The previous long days bought me some play time today to ride through Banff and Jasper. I took Route 1A north to Lake Louise, taking advantage of the many photography opportunities through Banff. I then merged back on to Route 1, heading to the Icefields Parkway for more spectacular views. I got to see the Bow Lake Glacier, more of the Canadian Rockies, and the Columbia Icefield. Those were some really impressive glaciers, even with their steady retreat. The weather got very cool, enough that I turned on the electric jacket, while being up in the mountains. From there I scooted up to Jasper, maxing out at 2074m elevation along the way. A quick lunch in Jasper and I’m back on the road heading to some friends’ place in Kamloops, BC. The ride was very smoky thanks to all of the forest fires burning throughout the province, to the point where I could actually smell the wood smoke.
I pulled in to the farm at about 7:30 PM and had some delicious beer, tasty lasagna, and great conversation with old friends I hadn’t seen in a long, long time.
I slept in today, but not to worry as I only had 70 miles to ride. After some coffee and donuts at Timmy’s, I topped the tank off and headed for Banff. The ride was great and the weather definitely warmed up. At one of the photo spots outside the park I ran in to a pair of bikes from North Carolina, had a good chat, and then rode in to the park. Hotel rates were as high as I’d expected, but I wanted to stay in Banff so paying for the convenience was justified.
After unloading the unnecessaries from the bike I scooted over to the Banff Gondola and rode up to the top of Sulphur Mountain. The views were spectacular! It was a little hazy thanks to all of the fires in British Columbia, but still well worth the trip up. Many pictures were taken before my empty stomach insisted on being filled. And what better way to fill it than poutine at 7500 feet elevation? I can’t think of one.
I then headed back to the hotel to drop off the gear and walk over to the post office to mail a post card to Reese and do some shopping. I found some neat stuff in The Bear and Butterfly, and they directly support the park so it was money well spent. After that I went over to The Bison for some local beer and food. I had a most excellent meat and cheese board and a couple really tasty local beers. The first was a Gopher from Big Rock, a nice hoppy lager. The second was a pilsner from Grizzly Paw, very malty and quite delicious.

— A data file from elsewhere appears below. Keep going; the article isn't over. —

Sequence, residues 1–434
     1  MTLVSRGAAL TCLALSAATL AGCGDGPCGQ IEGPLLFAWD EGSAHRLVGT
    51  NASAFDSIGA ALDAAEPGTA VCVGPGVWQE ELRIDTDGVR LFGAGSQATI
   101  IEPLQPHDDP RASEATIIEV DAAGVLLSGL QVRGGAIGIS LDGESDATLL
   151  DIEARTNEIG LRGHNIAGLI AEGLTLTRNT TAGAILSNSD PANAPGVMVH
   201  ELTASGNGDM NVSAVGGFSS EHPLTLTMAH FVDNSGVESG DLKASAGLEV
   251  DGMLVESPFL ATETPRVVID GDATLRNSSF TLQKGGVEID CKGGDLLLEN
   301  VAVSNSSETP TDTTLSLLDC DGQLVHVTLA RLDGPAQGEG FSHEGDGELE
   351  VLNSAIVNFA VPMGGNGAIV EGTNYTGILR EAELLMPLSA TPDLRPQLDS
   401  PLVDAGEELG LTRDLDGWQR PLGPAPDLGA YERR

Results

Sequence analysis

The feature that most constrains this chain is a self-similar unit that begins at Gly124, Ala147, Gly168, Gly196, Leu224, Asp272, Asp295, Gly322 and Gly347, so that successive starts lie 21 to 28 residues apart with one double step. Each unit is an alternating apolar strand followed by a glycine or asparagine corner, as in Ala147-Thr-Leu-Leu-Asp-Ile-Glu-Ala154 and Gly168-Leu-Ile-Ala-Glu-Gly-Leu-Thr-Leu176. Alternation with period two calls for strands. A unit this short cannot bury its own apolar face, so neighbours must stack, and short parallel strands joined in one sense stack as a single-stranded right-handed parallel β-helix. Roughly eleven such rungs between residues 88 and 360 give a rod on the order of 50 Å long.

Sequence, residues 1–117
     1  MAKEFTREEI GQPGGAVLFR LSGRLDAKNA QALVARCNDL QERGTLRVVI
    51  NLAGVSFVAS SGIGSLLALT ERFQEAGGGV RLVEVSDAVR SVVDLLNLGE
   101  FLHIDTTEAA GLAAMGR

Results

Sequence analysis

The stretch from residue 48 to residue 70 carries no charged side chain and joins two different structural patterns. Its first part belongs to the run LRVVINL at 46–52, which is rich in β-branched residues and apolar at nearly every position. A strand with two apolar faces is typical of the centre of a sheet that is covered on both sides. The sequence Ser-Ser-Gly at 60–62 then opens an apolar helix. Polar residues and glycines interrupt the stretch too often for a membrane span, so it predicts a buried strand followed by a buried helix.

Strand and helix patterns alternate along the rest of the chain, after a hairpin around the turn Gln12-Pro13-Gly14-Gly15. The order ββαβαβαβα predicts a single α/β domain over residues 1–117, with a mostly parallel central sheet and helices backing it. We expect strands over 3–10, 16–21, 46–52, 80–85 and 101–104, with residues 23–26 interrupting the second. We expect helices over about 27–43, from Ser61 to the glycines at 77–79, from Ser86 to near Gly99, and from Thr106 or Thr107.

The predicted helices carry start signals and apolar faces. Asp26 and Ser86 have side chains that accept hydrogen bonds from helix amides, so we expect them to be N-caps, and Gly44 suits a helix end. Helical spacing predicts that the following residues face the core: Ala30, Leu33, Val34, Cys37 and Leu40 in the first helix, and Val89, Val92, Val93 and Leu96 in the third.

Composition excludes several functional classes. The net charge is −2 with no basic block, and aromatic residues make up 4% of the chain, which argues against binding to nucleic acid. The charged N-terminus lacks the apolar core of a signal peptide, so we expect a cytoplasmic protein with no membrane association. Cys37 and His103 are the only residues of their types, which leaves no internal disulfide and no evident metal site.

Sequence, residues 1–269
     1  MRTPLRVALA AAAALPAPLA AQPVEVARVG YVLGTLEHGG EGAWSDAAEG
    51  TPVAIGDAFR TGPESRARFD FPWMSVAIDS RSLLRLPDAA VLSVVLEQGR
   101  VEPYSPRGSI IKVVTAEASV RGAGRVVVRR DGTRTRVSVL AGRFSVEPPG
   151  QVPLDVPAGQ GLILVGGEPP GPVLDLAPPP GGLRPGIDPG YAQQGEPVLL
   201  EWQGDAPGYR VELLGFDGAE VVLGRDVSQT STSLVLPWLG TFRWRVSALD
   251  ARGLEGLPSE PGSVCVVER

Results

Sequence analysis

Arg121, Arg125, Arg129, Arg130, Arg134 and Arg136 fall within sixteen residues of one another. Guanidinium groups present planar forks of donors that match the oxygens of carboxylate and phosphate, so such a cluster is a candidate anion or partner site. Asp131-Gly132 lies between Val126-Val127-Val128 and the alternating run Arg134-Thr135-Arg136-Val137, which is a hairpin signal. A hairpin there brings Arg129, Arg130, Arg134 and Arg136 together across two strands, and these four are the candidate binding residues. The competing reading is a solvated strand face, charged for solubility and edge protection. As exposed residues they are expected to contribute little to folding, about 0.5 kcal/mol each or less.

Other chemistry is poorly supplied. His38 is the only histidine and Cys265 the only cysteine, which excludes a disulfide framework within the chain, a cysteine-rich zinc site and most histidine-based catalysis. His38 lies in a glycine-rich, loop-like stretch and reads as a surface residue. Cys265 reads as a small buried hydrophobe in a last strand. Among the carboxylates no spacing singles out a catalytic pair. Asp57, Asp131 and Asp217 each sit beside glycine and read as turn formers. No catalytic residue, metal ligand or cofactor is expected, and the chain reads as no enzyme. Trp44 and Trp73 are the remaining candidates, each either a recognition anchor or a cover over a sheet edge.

After that I made my way back to the room and am off to bed. Tomorrow is going to be a long day, hopefully the last of them, as I ride the Icefields Parkway and head over to British Columbia to meet some friends.
A chilly Canadian morning greeted me as I packed the bike back up for the ride to Calgary. I skipped the hotel’s free breakfast for a visit to Tim Hortons for some coffee and Timbits. It was well worth the trip.
Following my caffeine and fried dough detour I got on Highway 1 and headed for Calgary. The ride was pretty uneventful, mostly just miles and miles of cultivated fields. I did have to dodge some rain through western Saskatchewan, but stayed mostly dry. The bike’s odometer rolled over 60,000 miles on the outskirts of Calgary.
The one bit of excitement, if you can call it that, was getting pulled over for speeding coming in to Calgary. It was totally my fault, I missed the sign indicating that the speed limit had dropped from 110 kph to 70(!) kph. The cop was good though and let me go with a stern talking to and a good set of directions to help me avoid the city center and find a hotel.
Dinner was some tasty barbecue at Big T’s BBQ where I also enjoyed a really good beer from Big Rock Brewery, a local brewery.
I’m heading off to bed now, tomorrow is going to be interesting. I’ll be in Banff for the next two days being a complete tourist.